This study examined the associations between teacher preparation components and the knowledge of teaching candidates based on data from the TEDS-M study. The findings reveal that the number of mathematics content courses taken has an effect on teaching candidates’ level of MCK in three countries. Specifically, the authors found that taking courses in discrete structure and logic had an effect on MCK in Chinese Taipei, Spain, and Switzerland. Furthermore, they found that taking courses in continuity and functions had an effect on MCK in Chinese Taipei, Switzerland, and the USA.
Updated: Feb. 14, 2018
Synchronous Online Discourse in a Technology Methods Course for Middle and Secondary Prospective Mathematics Teachers
This study examined how prospective teachers engaged in class discussions within a synchronous, online environment. The findings reveal that the prospective teachers used variety of ways to participate in the online discourse. The participants also responded to the instructor with quick affirmations. The authors found that many of the participants commented on how they appreciated viewing live technology demonstrations and the opportunities to discuss issues related to content, technology, and pedagogy with one another.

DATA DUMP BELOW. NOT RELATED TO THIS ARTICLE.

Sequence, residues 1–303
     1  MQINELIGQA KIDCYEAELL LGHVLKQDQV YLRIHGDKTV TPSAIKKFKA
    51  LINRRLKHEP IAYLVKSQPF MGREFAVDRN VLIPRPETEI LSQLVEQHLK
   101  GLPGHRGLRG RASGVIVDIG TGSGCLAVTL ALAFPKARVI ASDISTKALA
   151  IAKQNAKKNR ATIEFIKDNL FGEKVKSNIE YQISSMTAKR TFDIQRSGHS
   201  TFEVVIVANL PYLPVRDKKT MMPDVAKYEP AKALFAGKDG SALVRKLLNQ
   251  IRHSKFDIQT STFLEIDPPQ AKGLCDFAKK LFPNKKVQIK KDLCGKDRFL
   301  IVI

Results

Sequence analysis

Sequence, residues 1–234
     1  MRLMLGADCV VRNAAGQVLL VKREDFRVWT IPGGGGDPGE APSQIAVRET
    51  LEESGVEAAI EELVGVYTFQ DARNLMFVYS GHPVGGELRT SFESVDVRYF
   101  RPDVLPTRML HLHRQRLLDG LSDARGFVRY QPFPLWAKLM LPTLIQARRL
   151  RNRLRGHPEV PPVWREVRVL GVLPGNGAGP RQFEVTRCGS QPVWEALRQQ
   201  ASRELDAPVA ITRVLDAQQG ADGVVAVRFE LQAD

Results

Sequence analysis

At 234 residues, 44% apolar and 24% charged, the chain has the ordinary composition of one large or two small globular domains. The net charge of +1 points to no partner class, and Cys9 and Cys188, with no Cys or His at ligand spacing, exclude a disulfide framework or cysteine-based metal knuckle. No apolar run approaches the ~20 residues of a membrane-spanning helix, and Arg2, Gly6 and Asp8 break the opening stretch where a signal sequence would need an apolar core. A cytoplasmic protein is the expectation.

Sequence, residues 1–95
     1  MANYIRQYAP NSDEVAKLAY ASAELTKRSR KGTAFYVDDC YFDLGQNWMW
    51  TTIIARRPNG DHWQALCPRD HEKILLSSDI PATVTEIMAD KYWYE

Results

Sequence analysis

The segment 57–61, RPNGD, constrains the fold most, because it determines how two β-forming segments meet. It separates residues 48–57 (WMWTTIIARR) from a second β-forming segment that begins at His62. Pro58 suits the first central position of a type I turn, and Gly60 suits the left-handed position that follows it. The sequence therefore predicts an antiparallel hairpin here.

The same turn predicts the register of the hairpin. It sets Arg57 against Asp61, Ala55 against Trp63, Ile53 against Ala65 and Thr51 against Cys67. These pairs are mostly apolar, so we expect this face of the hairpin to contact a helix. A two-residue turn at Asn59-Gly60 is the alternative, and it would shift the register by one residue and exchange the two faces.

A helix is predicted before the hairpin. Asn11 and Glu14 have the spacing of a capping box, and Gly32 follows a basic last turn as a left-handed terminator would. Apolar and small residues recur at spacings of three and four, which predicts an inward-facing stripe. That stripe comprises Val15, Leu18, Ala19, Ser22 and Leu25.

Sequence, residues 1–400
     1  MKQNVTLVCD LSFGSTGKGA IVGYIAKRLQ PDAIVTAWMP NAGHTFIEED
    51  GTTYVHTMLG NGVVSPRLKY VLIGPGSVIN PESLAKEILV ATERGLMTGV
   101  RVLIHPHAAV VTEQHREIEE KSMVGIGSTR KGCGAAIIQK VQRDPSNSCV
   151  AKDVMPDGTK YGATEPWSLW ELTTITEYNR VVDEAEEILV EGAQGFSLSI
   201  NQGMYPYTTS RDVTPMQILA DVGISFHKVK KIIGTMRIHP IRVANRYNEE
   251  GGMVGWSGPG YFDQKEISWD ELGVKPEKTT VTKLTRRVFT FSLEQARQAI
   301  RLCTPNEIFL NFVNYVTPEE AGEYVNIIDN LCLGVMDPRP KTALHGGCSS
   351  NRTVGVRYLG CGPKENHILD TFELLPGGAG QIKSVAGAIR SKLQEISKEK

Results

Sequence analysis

Updated: Feb. 08, 2018
In this article, the authors examined the various purposes that Finnish student teachers of different subjects have in teaching. The findings revealed that four purpose profiles were identified among participants: Purposeful, Dabblers, Dreamers, and Disengaged.The majority of participants can be profiled as dabblers. The authors found that the student teachers of religious education most often demonstrated a purposeful profile, while student teachers of mathematics and science were mostly profiled as disengaged. The authors conclude that the moral nature of teaching calls for purposeful teachers for schools worldwide.
Updated: Nov. 12, 2017